Saturday, February 20, 2016

Today I went to a funeral.

I walked in to the church and looked for people I knew. The first person I spotted was Mike, Jenna's husband, so I walked straight up to him and hugged him.

I have never seen anyone look as empty as he did.

Then Jenna's mother found me, and her brothers, and her various other relatives, and I got hugged and kissed to the point that I no longer cared about leaving makeup marks on their nice clothes.

I sat down about six rows from the back, in a pew that didn't have anybody in it. I stayed there until the music started and the family came down the aisle. Jenna's mom grabbed me and said, "Jo, you're family. Come sit with us." I started to ask "Are you sure?" but she had my hand so tight that I decided to shut the hell up and go with it.

So I ended up in what was nominally a family pew, right behind the family, with Lauren and Casey, the PAs who took care of Jenna when she was really sick.

I'm glad they were there. I didn't cry because they were there.

Everybody there but me, I think, was a believer. They read poetry and psalms and proverbs, and talked about the value of a capable and thoughtful wife. They talked about the love of a good friend, and how they were sure she would be waiting for them in Heaven when they died. They called her a pearl of great price and said her value was beyond that of rubies.

Here is the Jenna I know, the one who I was both nurse to and friends with:

She was jealous of the shirt that I have that says "My cancer is rarer than your cancer. Neener neener."

She was always more than ready to talk about something other than her illness. Mostly, that something was how ready she was to get back to work (teaching) or her kids or her husband, but it also turned to how weird life could be.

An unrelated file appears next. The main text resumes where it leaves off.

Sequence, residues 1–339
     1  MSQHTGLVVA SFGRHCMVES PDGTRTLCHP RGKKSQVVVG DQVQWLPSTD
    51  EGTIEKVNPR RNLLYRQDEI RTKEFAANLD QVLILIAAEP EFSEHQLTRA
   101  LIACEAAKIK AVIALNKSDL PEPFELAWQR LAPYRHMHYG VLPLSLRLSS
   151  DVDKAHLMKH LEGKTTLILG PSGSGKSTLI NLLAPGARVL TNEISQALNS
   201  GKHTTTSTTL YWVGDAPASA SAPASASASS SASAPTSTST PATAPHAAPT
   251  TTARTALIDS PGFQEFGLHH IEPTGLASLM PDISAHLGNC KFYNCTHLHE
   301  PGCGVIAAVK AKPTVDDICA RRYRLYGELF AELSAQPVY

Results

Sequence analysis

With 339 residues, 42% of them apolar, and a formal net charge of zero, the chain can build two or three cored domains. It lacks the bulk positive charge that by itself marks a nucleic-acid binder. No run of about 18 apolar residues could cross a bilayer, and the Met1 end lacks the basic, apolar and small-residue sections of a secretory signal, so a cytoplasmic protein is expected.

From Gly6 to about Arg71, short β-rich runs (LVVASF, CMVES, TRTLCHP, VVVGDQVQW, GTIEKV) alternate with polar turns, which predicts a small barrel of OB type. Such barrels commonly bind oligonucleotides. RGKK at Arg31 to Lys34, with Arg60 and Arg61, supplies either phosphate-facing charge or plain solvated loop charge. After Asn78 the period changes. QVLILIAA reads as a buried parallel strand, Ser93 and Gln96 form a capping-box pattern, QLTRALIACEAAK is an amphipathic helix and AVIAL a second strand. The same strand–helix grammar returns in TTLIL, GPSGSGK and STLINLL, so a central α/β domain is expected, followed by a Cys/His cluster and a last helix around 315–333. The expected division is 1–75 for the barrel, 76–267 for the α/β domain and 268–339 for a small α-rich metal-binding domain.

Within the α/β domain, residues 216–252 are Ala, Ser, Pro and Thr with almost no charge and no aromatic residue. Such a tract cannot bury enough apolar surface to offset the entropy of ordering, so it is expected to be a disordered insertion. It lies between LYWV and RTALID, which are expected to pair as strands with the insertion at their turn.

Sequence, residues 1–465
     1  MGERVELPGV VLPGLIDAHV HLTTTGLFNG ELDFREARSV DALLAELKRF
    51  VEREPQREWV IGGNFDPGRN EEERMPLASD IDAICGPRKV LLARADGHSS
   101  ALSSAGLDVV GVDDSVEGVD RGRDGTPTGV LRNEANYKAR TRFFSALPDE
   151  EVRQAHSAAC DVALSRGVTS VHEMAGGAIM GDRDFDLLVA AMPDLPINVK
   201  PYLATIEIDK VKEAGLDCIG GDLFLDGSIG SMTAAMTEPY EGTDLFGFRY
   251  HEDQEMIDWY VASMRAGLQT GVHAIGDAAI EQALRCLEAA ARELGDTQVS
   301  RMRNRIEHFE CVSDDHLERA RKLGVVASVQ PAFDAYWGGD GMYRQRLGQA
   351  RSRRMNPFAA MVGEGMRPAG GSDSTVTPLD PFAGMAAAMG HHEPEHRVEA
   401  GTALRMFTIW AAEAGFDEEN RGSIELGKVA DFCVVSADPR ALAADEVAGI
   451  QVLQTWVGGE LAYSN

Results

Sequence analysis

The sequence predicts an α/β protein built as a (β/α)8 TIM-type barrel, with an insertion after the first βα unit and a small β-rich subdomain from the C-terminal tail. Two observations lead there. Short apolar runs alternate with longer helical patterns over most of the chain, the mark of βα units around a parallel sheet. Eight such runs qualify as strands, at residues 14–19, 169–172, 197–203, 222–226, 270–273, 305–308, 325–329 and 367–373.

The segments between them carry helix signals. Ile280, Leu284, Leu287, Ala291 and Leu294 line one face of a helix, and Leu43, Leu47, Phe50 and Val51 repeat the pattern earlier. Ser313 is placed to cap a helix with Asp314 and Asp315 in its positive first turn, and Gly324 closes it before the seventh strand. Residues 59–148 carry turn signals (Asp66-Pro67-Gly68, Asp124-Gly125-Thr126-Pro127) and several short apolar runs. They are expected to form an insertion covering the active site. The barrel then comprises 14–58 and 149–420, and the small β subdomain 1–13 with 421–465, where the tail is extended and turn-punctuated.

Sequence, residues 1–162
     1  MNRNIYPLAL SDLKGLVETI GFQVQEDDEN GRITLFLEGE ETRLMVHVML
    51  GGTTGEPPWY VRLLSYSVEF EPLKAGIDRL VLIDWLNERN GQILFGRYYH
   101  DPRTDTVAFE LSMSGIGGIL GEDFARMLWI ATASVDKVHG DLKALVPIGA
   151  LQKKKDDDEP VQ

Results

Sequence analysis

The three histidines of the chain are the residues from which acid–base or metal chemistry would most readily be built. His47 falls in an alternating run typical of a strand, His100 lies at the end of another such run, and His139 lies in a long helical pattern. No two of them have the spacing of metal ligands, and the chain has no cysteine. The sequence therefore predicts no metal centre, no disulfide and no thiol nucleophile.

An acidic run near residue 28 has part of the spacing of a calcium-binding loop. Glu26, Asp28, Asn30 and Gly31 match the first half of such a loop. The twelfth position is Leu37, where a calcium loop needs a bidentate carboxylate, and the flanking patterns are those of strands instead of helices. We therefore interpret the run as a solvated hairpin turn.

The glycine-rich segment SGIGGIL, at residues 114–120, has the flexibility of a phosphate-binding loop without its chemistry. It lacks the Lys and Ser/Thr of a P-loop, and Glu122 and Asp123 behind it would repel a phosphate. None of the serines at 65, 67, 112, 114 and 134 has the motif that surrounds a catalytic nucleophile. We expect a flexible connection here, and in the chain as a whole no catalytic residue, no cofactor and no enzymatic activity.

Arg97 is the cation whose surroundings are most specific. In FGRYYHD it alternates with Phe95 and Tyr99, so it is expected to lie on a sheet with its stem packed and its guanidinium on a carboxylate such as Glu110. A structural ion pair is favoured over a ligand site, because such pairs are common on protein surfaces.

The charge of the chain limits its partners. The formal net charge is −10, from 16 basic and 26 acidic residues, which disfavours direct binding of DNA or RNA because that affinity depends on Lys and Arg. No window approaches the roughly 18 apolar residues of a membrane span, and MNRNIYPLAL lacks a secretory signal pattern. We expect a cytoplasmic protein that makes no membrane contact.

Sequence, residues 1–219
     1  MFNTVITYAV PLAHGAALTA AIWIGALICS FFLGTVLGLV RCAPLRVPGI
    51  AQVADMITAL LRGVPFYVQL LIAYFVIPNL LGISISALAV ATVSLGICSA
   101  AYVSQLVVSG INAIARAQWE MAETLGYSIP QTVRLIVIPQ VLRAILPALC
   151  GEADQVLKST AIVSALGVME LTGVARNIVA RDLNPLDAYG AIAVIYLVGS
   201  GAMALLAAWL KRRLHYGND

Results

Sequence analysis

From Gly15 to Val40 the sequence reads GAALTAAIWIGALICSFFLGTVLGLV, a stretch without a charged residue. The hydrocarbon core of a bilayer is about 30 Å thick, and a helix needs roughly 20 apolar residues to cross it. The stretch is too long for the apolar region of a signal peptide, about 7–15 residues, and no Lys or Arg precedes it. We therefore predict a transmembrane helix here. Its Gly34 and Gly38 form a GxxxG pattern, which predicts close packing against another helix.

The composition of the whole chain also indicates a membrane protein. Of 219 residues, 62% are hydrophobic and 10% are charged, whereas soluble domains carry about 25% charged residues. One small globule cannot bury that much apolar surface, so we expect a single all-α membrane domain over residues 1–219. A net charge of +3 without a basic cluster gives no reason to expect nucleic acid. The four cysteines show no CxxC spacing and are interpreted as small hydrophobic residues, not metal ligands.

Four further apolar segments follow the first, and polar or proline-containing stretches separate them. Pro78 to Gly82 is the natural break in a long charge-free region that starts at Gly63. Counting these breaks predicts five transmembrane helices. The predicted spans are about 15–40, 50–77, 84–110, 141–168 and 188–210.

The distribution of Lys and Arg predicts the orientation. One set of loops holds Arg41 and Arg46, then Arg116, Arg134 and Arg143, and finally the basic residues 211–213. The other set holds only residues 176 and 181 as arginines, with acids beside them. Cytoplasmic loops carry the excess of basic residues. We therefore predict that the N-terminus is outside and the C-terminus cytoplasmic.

She was totally unshockable. I sent her texts with pictures of the guys across the street doing half-naked yoga on their roof, or the pile of clothes somebody left in my front yard, or the latest whacko project that one of the neighbors had conceived, and her response was always "I miss Littleton. It's such a great place!" Sometimes that was followed by "Did that dude ever come get his clothes?"

Jenna was never, that I saw, really angry about what had happened to her. I'm sure she got angry at times, or got rebellious against what she saw as God's plan for her, but she never did so with me. That's not to imply that she simply accepted things as they were: she most emphatically did not. As Lauren said, the most incredible thing to watch was how she went from being scared and anxious to being strong and confident. She didn't so much fight as she just lived, in defiance of everything.

Mike and Jenna visited me at work one day and I asked to see her head. She was really, really cute without hair. Like, more attractive than anybody has a right to be.